DUBAI 12 April 2018: A study on the question: ‘Does the UAE have a positive driving culture?’ – found people saying “yes”… but thr study authors believe that may be a “hollow” and “superficial” assumption.
Frederik Bisbjerg, Executive Vice-President Retail i-Insured states: “This question is passionately discussed among UAE residents and for sure there are plenty of subjective opinions.”
Summarizing the findings, Thomas Edelmann, Managing Director of RoadSafetyUAE shares his opinion: “While the big majority states ‘yes’ we do have a safe and caring road culture, we believe this is a bit of a superficial and hollow statement.
“When digging deeper, the same respondents lament to the largest part that other motorists do not show a caring attitude, seemingly based on not understanding the ingredients of a safe driving culture, and they can list the biggest causes of non-caring and hence reckless driving, as well as the reasons for it.
“The UAE wants to further lower accidents, injuries and fatalities, and we have to overcome the feeling that ‘everything is in order’ and we must continue to educating road users about the proper ingredients of a positive driving culture and how to implement it on a daily basis,” he said.
Yes, Yes, Yes
Surprisingly, the top-line answer is 72 per cent ‘yes’ we do have a positive UAE driving culture! This value is even higher (82 per cent) with expat Arabs. However Westerners have a strongly contrasting view: only 40 per cent state ‘yes’ and 60 per cent ‘no’.
This illustrates the paradox of the UAE situation with regards to road safety: based on the ethnic backgrounds and the previous driving experiences vastly gained outside the UAE, the assessment of the overall UAE driving culture varies widely.
Among the biggest ethnic demographics (‘Asians’, ‘Arabs’) the perception is very positive, but it must be stated, that this perception can be seen problematic as it might deter further road safety improvements.
Some 90 per cent think, that we ourselves are ‘polite and caring’ drivers. However, only 34 per cent think that other drivers earn the same label! Interesting to see again the divide between Asians (39 per cent) and Westerners (21 per cent) in the assessment of other drivers.
To bring this high-level assessment to live, we surveyed the opinion related to some concrete examples, like ‘How often do you give way to others’: 65 per cent of us claim ‘always/very often’. However, when asked ‘How often do others give way to you’, this value drops to 32 per cent. Like often in research, we have a tendency to rate our own behavior more positively than the one of others and we believe the ‘true’ situation is rather related to the behavior we see from others!
Another example selected is ‘How often do others thank you when you give way or perform another friendly act’? In total, 39 per cent state ‘always/very often’, but only 5 per cent of Westerners! Which begs the question, what is the proper way to say ‘thank-you’ on UAE’s roads? Raising the right hand like Westerners are used to might be viewed differently by other demographic groups, where hand signs can be interpreted very differently. If a little nod of the head is the right way for Asians/Arabs, this might not even be seen by Westerners, and this might explain the very low 5 per cent?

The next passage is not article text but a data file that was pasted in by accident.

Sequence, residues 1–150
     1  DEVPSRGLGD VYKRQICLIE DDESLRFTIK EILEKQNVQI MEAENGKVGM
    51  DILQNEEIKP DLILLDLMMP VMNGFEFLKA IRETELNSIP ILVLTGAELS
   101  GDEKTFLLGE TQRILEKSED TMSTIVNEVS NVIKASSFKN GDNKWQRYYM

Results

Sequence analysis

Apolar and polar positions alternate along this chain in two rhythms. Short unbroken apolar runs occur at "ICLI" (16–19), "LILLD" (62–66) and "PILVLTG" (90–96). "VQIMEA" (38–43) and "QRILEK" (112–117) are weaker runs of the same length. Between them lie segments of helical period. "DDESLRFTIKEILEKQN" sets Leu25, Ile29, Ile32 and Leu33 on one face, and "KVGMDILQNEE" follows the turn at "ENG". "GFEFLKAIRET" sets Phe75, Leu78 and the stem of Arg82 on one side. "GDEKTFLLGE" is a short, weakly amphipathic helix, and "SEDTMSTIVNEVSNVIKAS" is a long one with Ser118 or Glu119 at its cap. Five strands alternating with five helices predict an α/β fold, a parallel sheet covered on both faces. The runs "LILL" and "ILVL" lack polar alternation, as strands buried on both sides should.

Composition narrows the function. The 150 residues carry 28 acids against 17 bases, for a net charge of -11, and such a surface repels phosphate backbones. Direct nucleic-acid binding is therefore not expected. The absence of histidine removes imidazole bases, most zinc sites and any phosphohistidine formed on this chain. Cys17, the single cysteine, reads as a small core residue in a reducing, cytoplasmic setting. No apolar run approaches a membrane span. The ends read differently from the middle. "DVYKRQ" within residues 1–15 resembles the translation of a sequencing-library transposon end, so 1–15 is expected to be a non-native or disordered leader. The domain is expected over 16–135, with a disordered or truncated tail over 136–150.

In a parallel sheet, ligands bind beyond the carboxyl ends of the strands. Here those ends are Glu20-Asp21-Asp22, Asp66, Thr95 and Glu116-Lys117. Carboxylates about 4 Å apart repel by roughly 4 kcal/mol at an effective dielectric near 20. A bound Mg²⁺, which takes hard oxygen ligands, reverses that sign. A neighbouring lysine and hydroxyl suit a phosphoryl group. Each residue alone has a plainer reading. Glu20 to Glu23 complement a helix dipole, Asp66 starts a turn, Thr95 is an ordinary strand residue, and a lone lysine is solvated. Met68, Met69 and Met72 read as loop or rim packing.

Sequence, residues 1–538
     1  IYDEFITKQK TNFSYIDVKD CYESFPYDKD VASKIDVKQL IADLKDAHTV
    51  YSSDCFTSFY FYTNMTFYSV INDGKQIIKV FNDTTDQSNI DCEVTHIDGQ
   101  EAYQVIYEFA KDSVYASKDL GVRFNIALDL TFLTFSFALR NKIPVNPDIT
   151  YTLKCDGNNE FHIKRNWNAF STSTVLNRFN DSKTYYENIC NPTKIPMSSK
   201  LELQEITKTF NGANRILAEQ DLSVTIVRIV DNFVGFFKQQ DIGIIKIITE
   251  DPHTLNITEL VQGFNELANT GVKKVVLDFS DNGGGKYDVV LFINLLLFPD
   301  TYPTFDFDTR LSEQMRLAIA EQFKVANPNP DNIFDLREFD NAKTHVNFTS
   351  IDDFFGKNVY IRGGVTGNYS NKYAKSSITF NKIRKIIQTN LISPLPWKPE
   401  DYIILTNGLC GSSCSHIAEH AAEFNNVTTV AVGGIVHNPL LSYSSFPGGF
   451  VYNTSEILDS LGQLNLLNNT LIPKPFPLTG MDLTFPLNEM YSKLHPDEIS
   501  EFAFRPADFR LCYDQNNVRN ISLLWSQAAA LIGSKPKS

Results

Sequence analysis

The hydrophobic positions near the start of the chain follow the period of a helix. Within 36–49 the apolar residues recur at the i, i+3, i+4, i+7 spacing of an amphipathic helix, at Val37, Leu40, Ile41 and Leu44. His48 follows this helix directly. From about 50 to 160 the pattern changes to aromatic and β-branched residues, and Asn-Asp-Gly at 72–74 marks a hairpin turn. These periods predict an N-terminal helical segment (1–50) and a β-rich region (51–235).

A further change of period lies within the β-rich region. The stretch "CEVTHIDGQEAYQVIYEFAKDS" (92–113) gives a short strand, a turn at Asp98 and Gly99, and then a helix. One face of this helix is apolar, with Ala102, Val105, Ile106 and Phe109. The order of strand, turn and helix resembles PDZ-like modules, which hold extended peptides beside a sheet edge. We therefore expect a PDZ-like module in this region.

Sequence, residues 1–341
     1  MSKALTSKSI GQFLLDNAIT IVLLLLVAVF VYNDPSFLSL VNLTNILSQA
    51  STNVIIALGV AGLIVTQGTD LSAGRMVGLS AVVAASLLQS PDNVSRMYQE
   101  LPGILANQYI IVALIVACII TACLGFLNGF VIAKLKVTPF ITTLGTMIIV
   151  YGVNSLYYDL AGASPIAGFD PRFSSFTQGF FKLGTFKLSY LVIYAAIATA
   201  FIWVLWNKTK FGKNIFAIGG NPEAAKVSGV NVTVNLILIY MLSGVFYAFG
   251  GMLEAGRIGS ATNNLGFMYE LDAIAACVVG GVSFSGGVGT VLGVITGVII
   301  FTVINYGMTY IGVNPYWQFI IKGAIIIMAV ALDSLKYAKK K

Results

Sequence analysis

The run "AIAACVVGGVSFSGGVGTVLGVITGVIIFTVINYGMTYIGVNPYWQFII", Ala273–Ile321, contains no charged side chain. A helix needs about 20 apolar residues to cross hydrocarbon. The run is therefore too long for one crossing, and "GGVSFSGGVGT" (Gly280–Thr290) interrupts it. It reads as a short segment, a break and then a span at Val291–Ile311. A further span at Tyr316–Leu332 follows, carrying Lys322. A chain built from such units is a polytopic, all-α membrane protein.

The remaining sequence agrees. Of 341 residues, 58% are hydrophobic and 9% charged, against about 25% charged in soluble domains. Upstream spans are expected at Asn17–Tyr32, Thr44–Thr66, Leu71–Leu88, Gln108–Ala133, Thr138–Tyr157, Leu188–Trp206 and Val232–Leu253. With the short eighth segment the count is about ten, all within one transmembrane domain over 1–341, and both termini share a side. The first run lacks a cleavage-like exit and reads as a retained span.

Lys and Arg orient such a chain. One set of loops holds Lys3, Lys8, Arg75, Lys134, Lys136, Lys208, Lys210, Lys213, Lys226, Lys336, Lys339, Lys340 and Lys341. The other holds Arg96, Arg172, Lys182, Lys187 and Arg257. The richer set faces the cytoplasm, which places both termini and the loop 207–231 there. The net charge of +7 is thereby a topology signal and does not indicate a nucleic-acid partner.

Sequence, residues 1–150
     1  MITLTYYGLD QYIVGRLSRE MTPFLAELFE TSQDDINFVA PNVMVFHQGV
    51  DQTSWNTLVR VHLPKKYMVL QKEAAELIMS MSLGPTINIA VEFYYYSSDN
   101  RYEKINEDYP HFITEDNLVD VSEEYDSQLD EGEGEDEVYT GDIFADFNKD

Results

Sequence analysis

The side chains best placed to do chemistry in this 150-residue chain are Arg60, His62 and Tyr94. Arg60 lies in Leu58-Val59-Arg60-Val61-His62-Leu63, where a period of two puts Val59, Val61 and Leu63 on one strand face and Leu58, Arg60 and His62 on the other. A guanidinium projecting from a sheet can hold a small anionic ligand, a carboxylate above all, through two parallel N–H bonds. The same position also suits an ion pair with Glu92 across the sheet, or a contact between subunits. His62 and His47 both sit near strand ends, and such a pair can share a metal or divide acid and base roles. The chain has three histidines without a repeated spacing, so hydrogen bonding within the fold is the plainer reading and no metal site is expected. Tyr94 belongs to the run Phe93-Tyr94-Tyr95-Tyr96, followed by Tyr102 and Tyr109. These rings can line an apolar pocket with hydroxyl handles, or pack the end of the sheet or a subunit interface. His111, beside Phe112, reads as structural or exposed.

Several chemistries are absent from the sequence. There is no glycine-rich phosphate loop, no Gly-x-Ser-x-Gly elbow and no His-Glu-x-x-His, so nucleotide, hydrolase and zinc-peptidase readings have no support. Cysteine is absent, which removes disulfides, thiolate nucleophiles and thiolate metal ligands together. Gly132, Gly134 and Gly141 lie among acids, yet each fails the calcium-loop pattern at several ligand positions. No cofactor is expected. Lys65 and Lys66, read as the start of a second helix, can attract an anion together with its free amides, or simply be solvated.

Bisbjerg adds: “In order to potentially improve the situation by carving out concrete action points, it was very important for us to get a better understanding about ‘The most unfriendly acts’ we experience on the roads, as well as the reasons behind these unfriendly and dangerous acts.”.
It is interesting to see, that the top most unfriendly acts correlate with the main causes of death on our roads! Even more important is the insight into the causes behind these unfriendly acts: once again and as uncovered in some of our earlier studies, ‘Time pressure – Running late’ is the main culprit for misbehavior and reckless driving! We repeat ourselves by stating that we need a strong education and awareness push towards proper time management. We must leave early and plan for possible delays on our routes!
In addition, the lack of knowledge about polite and caring behavior is lamented by respondents, coupled with the believe of low education in this regard. Deliberate acts (37 per cent) and the anonymity in our vehicles (36 per cent) also score high.
• Surprisingly high ‘yes’ values, but strong contrasts among ethnical groups
• Big difference between own behavior and the observed behavior of other motorists
• Ranking of the top most unfriendly acts correlates with the main causes of death
• Rationale for unfriendly acts is grounded in time running late, as well as lack of understanding and education
Note: The study was commissioned by i-Insured and RoadSafetyUAE and was conducted by YouGov in February 2018, based on the views of a representative sample of 1,004 UAE residents.